One quick note, is that traveling by car with kids can obviously be much cheaper than buying airline tickets for the whole family. I don’t have kids, so you can take my advice with a grain of salt, but my suggestion would be to keep them occupied with portable DVD players and video games. Things have come a long way since the days I had to either read a book or play I spy in the backseat with my sister. Also remember to shorten the distances you travel each day and make some fun stops.
Car checked out, check all fluids, tires and emergency supplies
I am a planner and I’m all about being prepared for emergencies, so I always check things out on the car before a trip. If you don’t trust yourself or your car, take it to a mechanic you trust – I hope you have one – and just tell them your are going on a trip of however many hundred miles, and would they check it out. Probably fluids, brakes, tires, belts and hoses will be mainly what they are looking for. You can do mostly the same thing yourself. At a minimum, check the oil level, coolant level, and tire pressure. Put an emergency kit in the trunk that has jumper cables, tape, flares or orange cones so that if you have to pull off to the side to change a tire you can be seen. If you want more peace of mind, you can get roadside assistance insurance either on your auto policy, through some credit cards, or a club like AAA, which has a lot of other benefits like discounts at hotels and attractions.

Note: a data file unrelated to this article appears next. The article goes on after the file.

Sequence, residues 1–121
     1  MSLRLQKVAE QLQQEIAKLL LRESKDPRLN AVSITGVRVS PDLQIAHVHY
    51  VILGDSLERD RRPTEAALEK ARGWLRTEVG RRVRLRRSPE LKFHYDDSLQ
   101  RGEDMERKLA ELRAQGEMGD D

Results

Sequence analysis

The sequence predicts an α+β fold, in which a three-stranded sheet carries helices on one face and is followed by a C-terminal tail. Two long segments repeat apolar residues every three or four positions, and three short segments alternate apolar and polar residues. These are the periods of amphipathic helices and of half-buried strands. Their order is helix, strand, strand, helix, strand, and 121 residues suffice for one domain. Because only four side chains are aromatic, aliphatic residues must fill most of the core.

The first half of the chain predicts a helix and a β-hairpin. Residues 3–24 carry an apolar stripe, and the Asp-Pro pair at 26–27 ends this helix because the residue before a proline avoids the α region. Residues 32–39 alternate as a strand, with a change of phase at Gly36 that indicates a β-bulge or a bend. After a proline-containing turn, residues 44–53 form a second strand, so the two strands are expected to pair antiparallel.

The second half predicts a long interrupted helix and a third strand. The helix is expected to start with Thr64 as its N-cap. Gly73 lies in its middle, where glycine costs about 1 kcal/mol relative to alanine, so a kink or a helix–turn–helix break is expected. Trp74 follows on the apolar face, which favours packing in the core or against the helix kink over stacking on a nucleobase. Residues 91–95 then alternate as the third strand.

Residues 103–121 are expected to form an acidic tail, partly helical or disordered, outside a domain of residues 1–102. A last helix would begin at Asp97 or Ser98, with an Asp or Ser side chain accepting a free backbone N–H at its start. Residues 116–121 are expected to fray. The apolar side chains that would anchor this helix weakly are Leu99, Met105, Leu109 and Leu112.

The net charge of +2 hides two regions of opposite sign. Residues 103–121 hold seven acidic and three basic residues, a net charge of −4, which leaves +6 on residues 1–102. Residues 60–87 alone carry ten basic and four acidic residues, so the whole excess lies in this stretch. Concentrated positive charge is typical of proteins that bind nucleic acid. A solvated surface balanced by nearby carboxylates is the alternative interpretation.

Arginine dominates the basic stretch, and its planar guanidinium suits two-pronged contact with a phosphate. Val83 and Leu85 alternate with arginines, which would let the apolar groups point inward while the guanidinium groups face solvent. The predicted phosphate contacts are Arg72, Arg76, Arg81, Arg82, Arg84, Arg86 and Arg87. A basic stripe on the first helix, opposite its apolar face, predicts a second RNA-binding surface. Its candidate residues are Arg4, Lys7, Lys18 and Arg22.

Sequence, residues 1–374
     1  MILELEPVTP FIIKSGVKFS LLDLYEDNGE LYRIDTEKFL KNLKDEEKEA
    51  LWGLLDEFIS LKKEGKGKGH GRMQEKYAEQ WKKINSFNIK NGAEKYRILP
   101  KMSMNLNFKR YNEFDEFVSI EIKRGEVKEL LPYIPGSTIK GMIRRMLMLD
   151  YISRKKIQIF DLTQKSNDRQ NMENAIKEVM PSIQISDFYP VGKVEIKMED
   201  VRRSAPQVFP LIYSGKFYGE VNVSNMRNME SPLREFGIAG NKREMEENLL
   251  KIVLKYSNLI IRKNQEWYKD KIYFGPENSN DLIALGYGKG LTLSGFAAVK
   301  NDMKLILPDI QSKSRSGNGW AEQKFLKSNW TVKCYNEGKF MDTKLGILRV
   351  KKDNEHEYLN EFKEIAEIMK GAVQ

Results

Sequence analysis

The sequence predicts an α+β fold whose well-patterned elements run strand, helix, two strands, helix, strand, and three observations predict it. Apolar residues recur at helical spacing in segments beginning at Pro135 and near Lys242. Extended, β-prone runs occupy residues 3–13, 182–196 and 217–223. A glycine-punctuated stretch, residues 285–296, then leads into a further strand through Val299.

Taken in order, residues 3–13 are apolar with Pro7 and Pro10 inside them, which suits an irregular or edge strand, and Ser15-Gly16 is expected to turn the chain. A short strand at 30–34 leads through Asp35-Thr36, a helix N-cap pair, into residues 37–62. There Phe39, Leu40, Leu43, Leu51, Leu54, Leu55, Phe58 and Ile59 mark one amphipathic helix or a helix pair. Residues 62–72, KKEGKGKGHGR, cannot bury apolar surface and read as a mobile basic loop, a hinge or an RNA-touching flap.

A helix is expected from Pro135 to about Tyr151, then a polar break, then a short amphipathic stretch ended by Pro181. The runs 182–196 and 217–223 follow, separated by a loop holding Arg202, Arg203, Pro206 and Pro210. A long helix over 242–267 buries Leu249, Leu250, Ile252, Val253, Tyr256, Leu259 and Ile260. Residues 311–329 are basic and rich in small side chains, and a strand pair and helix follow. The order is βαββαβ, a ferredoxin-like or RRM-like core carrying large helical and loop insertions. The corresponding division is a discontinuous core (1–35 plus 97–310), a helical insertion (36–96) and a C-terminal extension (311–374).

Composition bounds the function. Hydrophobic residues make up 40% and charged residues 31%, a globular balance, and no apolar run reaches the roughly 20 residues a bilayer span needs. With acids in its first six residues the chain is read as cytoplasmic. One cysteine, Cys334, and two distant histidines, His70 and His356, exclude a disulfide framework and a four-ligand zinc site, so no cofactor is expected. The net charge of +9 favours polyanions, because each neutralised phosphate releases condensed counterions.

The route and itinerary